Summary: A paper in JADA highlights the impact of climate change events on dental practices, focusing on increased costs and insurance challenges, proposing government intervention and sustainable practices as solutions to mitigate these effects.

Key Takeaways:

  • Natural disasters raise operating costs for practices.
  • Rising insurance premiums may limit patient access to dental care.
  • Adoption of sustainable practices and government policies could offset adverse impacts.

A recent paper published in the Journal of the American Dental Association (JADA) explored the impact climate change-related events like hurricanes and wildfires already have on the dental profession.

The paper, “Climate Change and the Unforeseen Challenges for Dental Practice,” explores how natural disasters are challenging healthcare. Orthodontic Products spoke with Frank W. Licari, DDS, MPH, MBA, Dean of the Roseman University of Health Sciences, and Shankargouda Patil, BDS, MDS, PhD, a professor at Roseman teaching oral pathology and biomedical sciences, co-authors of the study.

Increasing Frequency of Natural Disasters and Their Direct Costs

The paper examines how, in the past decade, we have seen an uptick in the frequency and severity of natural disasters, particularly in vulnerable states like Florida, Louisiana, and California. “There’s a direct cost that goes with the premium increase, but there are also indirect costs,” says Licari. “When there’s a hurricane warning, you have to evacuate and leave for a week. If it does hit the area, even if no damage happens, you have no income that comes in.”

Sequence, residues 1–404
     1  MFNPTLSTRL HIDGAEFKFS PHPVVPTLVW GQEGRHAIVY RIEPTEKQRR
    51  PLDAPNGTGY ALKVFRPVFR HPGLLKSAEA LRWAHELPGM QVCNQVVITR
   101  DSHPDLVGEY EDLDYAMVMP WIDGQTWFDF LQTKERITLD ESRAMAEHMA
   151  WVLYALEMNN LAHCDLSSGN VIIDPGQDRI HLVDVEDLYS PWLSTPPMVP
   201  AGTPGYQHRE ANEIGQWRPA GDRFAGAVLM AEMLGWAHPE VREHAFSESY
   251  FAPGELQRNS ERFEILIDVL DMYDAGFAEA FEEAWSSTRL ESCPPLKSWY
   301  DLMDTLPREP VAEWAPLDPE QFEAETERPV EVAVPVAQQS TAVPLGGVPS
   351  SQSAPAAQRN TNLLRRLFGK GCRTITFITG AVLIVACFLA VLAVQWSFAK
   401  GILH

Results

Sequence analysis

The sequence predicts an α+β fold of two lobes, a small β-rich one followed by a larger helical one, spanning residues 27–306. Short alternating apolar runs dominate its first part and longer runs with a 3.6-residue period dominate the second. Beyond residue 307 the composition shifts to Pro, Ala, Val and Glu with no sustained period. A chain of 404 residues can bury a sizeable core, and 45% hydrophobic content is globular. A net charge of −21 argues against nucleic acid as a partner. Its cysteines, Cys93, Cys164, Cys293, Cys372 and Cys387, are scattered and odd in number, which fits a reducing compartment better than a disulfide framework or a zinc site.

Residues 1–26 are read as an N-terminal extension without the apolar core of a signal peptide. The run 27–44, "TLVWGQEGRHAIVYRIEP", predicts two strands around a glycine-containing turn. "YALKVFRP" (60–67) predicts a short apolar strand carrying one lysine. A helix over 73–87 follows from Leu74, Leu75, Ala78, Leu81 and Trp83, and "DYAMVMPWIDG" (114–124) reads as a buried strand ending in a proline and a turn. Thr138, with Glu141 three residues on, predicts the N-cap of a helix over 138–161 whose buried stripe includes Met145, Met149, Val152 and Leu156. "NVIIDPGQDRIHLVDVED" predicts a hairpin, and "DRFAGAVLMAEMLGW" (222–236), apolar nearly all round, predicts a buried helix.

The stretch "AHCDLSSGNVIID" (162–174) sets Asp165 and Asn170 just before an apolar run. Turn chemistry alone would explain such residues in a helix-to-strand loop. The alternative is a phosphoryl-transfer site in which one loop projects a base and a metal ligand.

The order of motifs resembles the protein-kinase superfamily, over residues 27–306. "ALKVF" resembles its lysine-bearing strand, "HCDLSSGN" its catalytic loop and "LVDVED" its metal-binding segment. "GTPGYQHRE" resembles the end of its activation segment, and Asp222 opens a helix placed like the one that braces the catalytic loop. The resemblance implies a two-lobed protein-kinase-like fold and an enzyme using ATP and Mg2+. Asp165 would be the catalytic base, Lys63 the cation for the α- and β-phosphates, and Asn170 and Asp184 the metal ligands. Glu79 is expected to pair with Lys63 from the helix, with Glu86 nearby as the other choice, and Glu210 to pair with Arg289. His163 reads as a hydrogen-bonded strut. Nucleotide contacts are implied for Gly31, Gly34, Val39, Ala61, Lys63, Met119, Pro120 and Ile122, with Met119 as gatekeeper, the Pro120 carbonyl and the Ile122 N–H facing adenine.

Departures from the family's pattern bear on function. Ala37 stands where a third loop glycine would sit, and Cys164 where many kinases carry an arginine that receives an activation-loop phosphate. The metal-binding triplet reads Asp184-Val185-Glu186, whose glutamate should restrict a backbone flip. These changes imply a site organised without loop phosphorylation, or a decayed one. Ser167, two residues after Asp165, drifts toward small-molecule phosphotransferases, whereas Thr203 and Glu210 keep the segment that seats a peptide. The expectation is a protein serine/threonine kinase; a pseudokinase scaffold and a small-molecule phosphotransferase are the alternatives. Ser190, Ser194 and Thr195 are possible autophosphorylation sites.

Impact on Insurance Premiums and Patient Access

One of the areas that has the most potential to impact private practice is rising insurance premiums. The risk is that as the cost of doing business goes up for practices, patients will be priced out of receiving the care they need, which may lead to an increase in regions without care providers.

“The premiums are definitely going up, and the insurance companies are charging more, especially in California and places like Florida,” says Patil. “As premiums rise, the number of patients coming to dental clinics will decline, or they will postpone their dental visits.” In some regions, the uncertainty caused by climate events and increasing costs are causing insurance companies to decline to insure small businesses altogether. The paper mentions a recent announcement by State Farm Insurance that it would be pulling out of California.

Government Intervention to Mitigate Risks

One way the authors suggest combating these increasing premiums is for national and local governments to become aware of the problem and enact policy changes to counteract it. “I think the federal and state governments have to take an active part in this, especially in the states where there are frequent climate change events,” says Patel.

Potential for Industry-wide Environmental Improvements

Lastly, the paper also suggests ways for practice owners to improve efficiency and reduce their impact on the environment. Patil suggests that companies embrace new technologies like remote monitoring and even seek out biodegradable materials.

While it might seem like a single practice isn’t going to make any difference to climate change, says Licari, there is a compounding effect when a whole industry becomes more sustainable. From a business angle, becoming more efficient can also be more profitable.

“One of the things we looked at is just how much money we can save by being more efficient,” says Licari. “It’s very difficult when only one practice does it, but imagine 100,000 practices doing it or a large association of group practices believing in something and looking at it. I think you can start to make somewhat of an impact.”